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Tantalum pentoxide, Ta2O5, is a high-index, low-absorption material usable for coatings in the near-UV (350 nm) to IR (>8 μm) regions. Dense, hard layers can be deposited by electron-beam evaporation or by sputtering. Typical applications include near-UV to near-IR antireflection and multilayer filter coatings. Tantala can be used in combination with low-index Silicon dioxide layers to form high index-contrast multilayer structures ranging from wide-band AR coatings to bandpass filters and dichroic beam-splitters. That material combination is used to make thick multi-layer stacks that exhibit very low stress. An advantage over Titanium dioxide layers is the absence of absorption above 900 nm, making Tantala a superior material for near-IR laser and bandpass coatings such as Nd:YAG laser and telecom applications. Hard, scratch-resistant and adherent coatings can be deposited on glass and metal substrates. Films are also used for dielectrics in film capacitors and as gate insulators in large scale integrated circuits requiring low leakage voltage characteristics.

Film Properties

Completely oxidized tantala films are absorption-free over the range below 400 nm to at least 8 μm. Evaporation causes some amount of oxygen loss and requires a partial pressure of oxygen during reactive deposition. Residual absorption can be eliminated by baking the films in air at 300 -400° C for 4 hours. Alternatively, the use of IAD during deposition results in absorptionfree layers at lower substrate temperatures. Adhesion is excellent to glass and to most other oxide compounds. The films generally grow with a micro-crystalline /near-amorphous microstructure whose scale is reduced on hot substrates and with IAD. Under some evaporation conditions, such as low energy resistance-heated evaporation, low substrate temperature, or excessive background pressure, the films grow with low packing density and can exhibit index changes when vented to moist air. Deposition by sputtering, ion assist (IAD), or at very high substrate temperatures, improves the packing density and eliminates spectral shifting due to moist air-vacuum cycling, producing very stable layers. Layers are hard, scratch resistant, and insoluble in boiling water and most acids (except HF).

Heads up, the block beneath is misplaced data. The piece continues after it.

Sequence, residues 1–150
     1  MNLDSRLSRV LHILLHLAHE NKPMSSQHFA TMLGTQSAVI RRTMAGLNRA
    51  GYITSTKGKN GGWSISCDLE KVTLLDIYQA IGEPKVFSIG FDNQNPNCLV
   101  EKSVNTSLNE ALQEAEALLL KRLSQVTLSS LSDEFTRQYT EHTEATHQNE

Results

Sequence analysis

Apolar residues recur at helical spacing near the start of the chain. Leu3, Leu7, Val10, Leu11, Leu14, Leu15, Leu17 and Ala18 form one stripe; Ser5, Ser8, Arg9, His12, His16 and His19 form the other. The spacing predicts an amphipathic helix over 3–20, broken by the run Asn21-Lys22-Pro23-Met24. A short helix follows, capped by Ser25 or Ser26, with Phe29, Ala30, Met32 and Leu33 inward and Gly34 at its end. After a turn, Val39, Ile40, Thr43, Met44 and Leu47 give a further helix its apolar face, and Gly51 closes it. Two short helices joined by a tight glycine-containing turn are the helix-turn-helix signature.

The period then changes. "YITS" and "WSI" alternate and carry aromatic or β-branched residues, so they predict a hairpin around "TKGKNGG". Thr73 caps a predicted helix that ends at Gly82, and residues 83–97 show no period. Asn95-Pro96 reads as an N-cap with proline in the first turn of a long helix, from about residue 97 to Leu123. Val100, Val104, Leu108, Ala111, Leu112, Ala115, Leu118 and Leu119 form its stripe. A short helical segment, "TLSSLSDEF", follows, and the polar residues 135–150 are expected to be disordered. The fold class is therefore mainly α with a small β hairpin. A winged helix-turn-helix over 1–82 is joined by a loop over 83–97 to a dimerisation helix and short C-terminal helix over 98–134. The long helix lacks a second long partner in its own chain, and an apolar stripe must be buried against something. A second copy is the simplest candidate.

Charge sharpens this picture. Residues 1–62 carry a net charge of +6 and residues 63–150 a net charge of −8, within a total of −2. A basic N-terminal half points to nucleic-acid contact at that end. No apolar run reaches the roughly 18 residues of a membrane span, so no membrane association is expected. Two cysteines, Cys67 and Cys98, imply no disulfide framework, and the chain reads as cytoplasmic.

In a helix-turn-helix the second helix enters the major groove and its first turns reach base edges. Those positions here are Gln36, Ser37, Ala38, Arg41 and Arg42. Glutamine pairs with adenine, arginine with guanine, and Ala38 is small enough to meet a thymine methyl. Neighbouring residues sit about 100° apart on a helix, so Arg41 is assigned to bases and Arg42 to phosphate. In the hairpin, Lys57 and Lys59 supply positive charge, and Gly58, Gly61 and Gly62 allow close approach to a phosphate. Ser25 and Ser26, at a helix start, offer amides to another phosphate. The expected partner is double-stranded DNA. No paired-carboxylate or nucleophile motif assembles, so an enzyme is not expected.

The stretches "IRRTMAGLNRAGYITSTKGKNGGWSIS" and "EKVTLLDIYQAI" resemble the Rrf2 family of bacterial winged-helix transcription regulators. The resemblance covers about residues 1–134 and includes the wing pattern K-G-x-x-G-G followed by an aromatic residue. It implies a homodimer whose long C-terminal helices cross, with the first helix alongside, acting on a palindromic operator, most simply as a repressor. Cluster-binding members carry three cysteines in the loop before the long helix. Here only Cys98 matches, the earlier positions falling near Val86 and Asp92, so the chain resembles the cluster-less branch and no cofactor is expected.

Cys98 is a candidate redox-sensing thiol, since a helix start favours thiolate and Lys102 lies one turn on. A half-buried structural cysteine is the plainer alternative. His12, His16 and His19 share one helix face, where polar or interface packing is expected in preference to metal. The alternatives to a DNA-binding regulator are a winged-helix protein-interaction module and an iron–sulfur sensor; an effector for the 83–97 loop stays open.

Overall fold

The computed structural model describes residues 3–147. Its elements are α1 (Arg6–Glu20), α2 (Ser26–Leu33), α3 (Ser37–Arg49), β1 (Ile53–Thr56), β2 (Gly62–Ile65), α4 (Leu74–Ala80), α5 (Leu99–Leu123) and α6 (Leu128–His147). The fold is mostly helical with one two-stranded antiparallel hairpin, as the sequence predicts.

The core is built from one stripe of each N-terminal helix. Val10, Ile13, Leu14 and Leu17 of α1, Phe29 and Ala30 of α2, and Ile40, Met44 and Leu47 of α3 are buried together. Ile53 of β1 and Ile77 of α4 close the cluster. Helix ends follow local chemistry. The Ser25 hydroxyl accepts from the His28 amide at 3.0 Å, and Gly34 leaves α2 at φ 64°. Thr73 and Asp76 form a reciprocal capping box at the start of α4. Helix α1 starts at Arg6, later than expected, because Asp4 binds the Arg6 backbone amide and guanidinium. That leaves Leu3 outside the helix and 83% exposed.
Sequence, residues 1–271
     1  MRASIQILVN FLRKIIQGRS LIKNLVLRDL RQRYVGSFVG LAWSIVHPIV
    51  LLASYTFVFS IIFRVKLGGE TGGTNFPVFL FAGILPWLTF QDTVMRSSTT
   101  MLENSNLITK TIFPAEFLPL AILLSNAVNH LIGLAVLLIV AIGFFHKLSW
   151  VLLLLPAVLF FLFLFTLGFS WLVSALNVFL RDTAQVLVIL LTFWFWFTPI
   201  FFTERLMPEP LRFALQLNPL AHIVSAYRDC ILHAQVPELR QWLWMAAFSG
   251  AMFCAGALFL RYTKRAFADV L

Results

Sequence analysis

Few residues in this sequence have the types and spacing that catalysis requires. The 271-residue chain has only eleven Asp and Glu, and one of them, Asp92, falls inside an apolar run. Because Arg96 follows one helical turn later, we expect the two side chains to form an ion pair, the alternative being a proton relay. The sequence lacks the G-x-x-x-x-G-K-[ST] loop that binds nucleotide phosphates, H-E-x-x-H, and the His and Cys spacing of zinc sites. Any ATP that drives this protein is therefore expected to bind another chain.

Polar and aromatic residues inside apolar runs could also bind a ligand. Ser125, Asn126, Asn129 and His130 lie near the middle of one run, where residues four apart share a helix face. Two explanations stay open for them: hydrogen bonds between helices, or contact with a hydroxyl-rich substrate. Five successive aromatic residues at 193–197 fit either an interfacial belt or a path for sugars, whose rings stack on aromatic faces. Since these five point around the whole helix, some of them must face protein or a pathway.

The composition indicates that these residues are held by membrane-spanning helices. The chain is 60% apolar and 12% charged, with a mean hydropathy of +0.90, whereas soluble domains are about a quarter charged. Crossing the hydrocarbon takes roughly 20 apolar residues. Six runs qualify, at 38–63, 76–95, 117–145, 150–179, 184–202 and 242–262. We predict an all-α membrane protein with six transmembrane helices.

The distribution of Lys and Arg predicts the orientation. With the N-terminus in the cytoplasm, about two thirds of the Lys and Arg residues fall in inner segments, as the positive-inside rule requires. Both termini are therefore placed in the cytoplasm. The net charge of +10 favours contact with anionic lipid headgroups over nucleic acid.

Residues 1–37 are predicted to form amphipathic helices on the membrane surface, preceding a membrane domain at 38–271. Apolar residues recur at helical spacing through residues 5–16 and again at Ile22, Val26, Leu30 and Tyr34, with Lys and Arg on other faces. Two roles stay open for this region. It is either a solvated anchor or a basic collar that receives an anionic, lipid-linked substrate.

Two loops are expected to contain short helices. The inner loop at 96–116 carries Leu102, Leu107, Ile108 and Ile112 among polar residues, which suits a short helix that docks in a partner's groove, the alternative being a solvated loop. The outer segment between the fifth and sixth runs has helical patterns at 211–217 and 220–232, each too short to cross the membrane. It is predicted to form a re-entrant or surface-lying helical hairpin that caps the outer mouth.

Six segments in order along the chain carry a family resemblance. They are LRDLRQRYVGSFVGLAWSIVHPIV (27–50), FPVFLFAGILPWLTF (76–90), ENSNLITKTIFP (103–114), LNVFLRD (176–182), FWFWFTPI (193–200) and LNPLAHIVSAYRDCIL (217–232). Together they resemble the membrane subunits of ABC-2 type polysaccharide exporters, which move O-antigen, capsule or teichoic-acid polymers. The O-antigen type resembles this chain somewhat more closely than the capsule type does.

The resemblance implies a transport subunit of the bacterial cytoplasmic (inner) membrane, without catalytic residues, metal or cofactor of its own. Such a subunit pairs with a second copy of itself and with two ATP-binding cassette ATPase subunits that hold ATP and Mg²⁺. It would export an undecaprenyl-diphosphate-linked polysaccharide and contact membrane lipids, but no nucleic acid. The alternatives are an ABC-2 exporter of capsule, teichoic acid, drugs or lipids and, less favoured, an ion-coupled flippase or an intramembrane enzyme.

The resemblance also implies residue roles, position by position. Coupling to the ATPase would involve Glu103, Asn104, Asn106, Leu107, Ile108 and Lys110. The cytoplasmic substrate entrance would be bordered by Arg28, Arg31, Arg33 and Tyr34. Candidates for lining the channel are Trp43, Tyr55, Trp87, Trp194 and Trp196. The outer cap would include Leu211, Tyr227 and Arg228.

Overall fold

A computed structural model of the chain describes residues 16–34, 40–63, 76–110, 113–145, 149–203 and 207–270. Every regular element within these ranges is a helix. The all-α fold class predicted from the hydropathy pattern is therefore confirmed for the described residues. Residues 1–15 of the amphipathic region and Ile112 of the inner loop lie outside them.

Refractive Index

Refractive indices are dependent on the degree of oxidation and the film density achieved. The refractive index value responds to high energy deposition techniques and to substrate temperature because both parameters decrease the void volume by increasing the packing density of the microstructure. IAD increases the refractive index and discourages crystalline growth, thus producing higher packing density. Post-deposition baking in air for 2 hrs at 400° C can be used to increase the refractive index of depositions done without IAD, and simultaneously reduce absorption due to incomplete oxidation by nearly 10 times.  Typical index values are plotted below for films deposited with- and without-IAD. The addition of IAD increases the index by~0.12.

Material Behavior

The starting material is supplied as either tablets, sintered pieces, or pre-formed melted shapes such as cones for e-beam pockets. Recommended preconditioning of tablets and pieces consists of slowly sweeping the low-power electron beam to uniformly fuse the surfaces of the material and avoid hole drilling by the beam. Monitor the pressure and melt surface to minimize outgassing and spitting while slowly increasing the power to just below evaporation temperature. The crater left after a deposition can be refilled with tablets or pieces and remelted to form a fresh flat evaporation surface. Targets of Tantalum metal are available for reactive sputter deposition.

Evaporation Parameters

Evaporation temperature  ~2000° C 
 Source Container  Tantalum or graphite liner for E-beam
 Rate  2-5 Å/sec.
 Partial pressure of oxygen  ~1 x 10-4 Torr
 Substrate temperature  175° C to300° C.
 Z-Ratio  0.3

Physical Properties of Solid Material

Molecular Weight   441.89 g/mol
 Melting Point  1872° C
 Color  White or black
 Crystal Density  8.2g/cc

Forms and Sizes Available

Ta2O5 is available in both sintered and pre-melted form, in shapes such as cones, rods or pieces. If your required form is not listed, please contact Materion  for more information. Materion offers materials for evaporation as well as sputtering targets.

Full Line of Thin Film Materials

Materion manufactures a complete line of vacuum deposition materials for optical coating applications including powders, pellets, pieces, tablets, rods, cones, crucibles, evaporation discs, pre-melted evaporants.

for more information, Contact Us:  414-289-9800; OrderChemicals@Materion